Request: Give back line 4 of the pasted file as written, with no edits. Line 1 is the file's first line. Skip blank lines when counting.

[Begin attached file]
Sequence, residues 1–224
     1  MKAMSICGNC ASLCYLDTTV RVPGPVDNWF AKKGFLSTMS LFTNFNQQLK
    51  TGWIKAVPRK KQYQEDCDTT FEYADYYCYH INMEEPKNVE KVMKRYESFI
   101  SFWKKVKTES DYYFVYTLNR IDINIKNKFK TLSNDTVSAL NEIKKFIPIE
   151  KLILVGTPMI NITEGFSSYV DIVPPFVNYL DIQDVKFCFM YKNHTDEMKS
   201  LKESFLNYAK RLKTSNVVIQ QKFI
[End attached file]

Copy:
   101  SFWKKVKTES DYYFVYTLNR IDINIKNKFK TLSNDTVSAL NEIKKFIPIE